FFIs face new requirements to screen for Hezbollah connections


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Financial constriction of terrorists has been a key tool of the Obama Administration, and a new federal law in the U.S. has trained those tools on Hezbollah and financial institutions that serve that organization.

The Hezbollah International Financing Act of 2015, passed late in 2015, requires foreign financial institutions doing business in the U.S. to refrain from providing financial services or money-laundering aid to the organization and its front companies. FFIs that are found to providing banking services to Hezbollah can expect to face stiff sanctions.

According to the Wall Street Journal, this will require prioritizing due diligence efforts and screening for Hezbollah ties, and that will likely require assiduous attention from financial institutions given Hezbollah’s extensive use of front companies.

The group has been designated as a foreign terror organization by the U.S. State Department, and it is already subject to sanctions. This new law, however, goes further in its efforts to constrict the financial resources of the group.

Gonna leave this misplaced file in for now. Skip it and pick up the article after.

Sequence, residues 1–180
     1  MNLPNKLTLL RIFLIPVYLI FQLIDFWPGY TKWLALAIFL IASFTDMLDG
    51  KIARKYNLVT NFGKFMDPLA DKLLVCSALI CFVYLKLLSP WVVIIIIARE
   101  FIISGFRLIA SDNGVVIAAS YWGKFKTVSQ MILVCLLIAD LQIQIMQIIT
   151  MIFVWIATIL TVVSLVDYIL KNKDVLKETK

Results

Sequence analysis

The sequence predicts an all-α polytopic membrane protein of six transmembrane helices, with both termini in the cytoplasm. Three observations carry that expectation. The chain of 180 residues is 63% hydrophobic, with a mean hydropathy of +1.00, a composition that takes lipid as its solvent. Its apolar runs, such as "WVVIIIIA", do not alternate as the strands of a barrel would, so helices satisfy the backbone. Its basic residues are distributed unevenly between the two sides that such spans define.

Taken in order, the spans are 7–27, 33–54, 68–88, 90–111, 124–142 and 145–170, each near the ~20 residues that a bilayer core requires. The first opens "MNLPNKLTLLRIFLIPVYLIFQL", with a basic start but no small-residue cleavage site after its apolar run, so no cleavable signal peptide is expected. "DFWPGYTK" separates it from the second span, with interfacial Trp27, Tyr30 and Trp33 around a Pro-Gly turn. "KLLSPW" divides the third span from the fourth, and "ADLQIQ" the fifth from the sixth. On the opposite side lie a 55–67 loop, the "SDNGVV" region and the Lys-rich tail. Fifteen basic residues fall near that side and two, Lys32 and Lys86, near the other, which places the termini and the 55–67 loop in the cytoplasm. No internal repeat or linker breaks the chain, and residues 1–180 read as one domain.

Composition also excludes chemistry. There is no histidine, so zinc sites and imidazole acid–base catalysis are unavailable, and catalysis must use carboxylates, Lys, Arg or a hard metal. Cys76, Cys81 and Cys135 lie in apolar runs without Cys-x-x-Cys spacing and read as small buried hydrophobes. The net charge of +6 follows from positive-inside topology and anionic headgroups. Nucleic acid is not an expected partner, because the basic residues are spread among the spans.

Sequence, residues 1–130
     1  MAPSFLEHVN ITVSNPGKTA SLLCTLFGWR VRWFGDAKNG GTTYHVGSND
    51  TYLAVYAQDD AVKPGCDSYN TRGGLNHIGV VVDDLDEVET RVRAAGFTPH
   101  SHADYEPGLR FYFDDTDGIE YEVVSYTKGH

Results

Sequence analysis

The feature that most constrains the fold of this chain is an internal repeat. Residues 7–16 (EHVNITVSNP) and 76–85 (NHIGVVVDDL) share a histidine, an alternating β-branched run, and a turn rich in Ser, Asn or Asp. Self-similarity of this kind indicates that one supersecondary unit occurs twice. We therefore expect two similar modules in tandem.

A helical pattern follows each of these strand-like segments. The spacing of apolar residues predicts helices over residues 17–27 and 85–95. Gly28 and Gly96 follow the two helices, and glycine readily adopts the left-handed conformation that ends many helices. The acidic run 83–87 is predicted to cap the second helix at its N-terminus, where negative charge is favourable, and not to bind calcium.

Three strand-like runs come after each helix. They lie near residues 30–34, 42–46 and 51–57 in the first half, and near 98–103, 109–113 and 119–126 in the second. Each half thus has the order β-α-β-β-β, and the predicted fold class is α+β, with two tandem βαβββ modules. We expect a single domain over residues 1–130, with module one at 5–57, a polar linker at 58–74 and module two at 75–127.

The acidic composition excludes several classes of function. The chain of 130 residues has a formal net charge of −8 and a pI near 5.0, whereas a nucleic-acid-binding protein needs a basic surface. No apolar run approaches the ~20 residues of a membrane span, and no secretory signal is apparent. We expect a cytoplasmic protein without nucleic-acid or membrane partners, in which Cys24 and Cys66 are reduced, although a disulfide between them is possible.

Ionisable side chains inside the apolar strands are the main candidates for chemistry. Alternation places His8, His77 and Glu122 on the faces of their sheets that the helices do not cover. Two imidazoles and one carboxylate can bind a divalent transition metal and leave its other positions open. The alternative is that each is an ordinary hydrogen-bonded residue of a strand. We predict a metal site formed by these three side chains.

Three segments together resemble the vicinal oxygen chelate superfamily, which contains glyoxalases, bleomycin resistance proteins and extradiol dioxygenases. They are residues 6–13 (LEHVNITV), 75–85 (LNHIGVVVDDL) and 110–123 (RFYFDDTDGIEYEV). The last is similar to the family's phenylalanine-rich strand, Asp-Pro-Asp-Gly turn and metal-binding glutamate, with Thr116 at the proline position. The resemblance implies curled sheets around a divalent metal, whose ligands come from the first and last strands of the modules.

AML Partners CEO Frank Cummings said these types of sanctions-related efforts by the U.S. seek to constrain terror organizations through economic methods. For FFIs doing business in the U.S., these laws and regulations require the best in AML Compliance thinking and the use of effective software tools.

“Financial institutions are behind the eight-ball in all this use of financial leverage to thwart terrorist groups,” Cummings said. “Having a robust, flexible, and well integrated sanctions-screening and AML system maximizes both effectiveness and efficiency for Compliance efforts. Those are two essential qualities in both AML programs and their software tools when the stakes are this high and the requirements are this complex.”